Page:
CD Review: Vivaldi by the Philharmonia Baroque Orchestra

Philharmonia Baroque Orchestra.
Vivaldi: The Four Seasons.
Elizabeth Blumenstock,
Nicholas McGegan,
Philharmonia Baroque Orchestra.
Philharmonia Baroque Productions.
ASIN:B005HO1WAG, [2011]

July 2012
Review by: Robert Levine

Spring starts crisply, with nice accents; bird calls are amazingly bright and rich, the trills impeccable. The second movement’s languid melancholy is underlined by small, unwritten embellishments, and this is carried into the finale as well, which is amazingly sweet and contains many surprises. You can feel the breezes. Summer is sweaty until it begins to really blaze; the s-l-o-w downward portamenti are weird and evocative; the alternating lyrical and stormy moments of the second movement startle; the Presto is a dangerous storm, the lightening almost visible, with soloist and tutti ferocious. Autumn is mellow; the harpsichord in the second movement is nice and shadowy; the peasants stump in the third movement and the hunt is on for game-attacks are fierce. The contrast between dances and lulls are very specific. Winter is simply staggering and reason enough to own this CD. As it begins, it sounds like a rusty hinge and you get the quintessence of freezing just from chords; the insane violin part becomes desperate chattering. Even in the smoother Largo, the underlying strings are played bowed staccato, and our soloist again adds variations to the line that are as original as they are exquisite. The trills throughout are almost dreadful in their chill. You’ve never heard anything like it.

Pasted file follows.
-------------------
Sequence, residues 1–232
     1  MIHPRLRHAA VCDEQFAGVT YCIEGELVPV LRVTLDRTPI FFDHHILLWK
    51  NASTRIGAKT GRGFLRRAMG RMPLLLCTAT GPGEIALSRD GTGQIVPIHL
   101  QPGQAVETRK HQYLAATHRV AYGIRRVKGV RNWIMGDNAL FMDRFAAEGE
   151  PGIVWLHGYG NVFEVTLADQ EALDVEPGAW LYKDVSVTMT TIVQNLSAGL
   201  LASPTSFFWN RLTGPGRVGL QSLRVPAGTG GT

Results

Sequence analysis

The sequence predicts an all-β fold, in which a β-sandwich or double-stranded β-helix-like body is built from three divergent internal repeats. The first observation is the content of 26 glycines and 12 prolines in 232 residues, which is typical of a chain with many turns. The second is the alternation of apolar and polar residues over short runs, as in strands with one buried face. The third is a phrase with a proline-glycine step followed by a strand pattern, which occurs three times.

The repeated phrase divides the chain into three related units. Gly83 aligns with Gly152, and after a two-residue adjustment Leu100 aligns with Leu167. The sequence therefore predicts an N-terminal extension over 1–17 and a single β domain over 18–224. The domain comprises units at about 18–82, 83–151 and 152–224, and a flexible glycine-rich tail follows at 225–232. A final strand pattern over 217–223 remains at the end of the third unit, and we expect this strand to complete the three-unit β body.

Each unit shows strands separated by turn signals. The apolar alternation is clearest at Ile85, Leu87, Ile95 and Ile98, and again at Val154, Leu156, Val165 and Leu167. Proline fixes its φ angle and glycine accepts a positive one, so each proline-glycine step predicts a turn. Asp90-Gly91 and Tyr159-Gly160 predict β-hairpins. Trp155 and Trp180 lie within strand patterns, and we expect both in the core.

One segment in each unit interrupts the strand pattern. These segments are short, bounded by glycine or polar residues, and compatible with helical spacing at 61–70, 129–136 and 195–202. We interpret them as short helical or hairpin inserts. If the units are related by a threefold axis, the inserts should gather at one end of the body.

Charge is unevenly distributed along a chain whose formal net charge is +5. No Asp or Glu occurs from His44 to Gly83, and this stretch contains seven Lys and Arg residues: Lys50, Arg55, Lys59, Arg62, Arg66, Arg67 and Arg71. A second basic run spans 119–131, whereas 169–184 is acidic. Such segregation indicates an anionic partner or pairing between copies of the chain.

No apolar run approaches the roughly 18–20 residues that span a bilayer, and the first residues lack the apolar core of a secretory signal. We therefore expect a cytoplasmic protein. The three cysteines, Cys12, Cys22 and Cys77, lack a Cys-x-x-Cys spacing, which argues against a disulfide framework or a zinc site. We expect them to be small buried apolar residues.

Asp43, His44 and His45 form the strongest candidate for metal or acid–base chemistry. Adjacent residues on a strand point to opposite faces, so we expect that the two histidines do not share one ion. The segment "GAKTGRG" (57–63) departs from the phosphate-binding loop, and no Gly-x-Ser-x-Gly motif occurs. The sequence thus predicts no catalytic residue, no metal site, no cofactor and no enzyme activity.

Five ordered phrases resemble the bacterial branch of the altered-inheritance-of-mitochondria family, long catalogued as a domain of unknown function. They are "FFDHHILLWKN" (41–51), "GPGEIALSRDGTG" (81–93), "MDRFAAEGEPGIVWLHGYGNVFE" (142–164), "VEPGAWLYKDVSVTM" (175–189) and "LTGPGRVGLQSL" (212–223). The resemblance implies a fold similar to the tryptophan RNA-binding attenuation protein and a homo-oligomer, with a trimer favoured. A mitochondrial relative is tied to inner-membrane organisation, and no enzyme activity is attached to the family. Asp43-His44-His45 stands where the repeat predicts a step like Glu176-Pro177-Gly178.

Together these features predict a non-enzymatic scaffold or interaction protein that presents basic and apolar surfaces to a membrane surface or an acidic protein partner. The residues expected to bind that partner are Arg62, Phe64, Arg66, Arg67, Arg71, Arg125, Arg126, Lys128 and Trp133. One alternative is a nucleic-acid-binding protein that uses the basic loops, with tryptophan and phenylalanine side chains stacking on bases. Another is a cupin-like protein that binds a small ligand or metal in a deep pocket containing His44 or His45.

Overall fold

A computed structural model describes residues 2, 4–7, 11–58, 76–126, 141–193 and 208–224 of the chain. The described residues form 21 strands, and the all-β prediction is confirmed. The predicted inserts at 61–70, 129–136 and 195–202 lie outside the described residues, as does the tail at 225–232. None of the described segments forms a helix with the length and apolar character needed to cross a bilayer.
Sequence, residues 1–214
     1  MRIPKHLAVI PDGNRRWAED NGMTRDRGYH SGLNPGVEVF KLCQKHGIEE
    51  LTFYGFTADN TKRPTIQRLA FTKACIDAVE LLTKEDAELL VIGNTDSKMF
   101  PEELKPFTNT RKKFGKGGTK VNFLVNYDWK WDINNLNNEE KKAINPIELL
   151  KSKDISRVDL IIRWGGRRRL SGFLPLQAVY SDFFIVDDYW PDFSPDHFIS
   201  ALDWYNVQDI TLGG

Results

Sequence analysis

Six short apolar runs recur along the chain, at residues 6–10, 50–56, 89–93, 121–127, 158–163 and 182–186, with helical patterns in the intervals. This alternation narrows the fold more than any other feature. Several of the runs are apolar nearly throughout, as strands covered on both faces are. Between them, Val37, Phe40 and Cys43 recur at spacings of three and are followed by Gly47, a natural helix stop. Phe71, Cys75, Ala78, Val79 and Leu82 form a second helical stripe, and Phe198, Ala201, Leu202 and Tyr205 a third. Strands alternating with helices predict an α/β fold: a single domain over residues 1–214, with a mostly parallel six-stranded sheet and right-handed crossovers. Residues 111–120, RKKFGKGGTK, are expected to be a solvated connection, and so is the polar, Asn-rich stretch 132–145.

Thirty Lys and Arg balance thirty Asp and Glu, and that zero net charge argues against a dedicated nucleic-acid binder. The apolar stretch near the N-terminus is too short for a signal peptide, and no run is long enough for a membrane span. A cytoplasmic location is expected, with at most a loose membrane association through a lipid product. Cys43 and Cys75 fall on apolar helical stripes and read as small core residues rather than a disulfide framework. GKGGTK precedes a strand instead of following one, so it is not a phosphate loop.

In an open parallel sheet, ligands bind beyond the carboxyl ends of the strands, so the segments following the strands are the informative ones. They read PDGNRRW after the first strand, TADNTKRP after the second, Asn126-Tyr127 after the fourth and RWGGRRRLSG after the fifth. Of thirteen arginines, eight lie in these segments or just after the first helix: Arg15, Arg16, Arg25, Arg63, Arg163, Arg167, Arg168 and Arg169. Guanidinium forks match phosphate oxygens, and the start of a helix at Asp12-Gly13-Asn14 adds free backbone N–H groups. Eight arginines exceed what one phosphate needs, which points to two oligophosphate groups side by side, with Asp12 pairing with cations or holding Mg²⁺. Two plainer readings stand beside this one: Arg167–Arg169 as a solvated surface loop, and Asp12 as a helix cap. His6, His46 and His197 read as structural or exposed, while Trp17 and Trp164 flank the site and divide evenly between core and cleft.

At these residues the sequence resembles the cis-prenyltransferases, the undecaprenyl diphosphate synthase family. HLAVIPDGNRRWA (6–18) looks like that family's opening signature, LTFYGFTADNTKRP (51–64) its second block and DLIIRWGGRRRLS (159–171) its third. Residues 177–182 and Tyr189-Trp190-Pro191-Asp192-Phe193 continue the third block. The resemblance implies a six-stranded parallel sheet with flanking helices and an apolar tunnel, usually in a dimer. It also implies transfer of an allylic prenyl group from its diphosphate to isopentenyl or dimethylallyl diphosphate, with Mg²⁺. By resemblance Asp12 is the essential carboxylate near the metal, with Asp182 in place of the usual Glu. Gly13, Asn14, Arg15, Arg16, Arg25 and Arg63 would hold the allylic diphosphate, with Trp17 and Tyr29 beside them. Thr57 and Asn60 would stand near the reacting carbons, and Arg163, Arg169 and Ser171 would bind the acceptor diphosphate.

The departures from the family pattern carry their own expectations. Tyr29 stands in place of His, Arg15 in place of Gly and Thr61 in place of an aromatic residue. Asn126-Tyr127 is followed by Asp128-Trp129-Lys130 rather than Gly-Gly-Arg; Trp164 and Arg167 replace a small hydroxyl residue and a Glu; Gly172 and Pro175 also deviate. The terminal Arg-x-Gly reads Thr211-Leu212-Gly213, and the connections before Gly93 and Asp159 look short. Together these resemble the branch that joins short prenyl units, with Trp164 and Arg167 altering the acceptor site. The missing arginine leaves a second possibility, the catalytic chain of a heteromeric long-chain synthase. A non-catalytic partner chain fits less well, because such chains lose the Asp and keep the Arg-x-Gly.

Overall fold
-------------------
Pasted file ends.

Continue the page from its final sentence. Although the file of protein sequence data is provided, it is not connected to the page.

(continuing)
The other three concertos, rarely recorded, are jewels, as well.

Elizabeth Blumenstock is the soloist, and she’s as fearless as she is accomplished. Sonics are perfect. Wow-another Four Seasons. I mean it: Wow.

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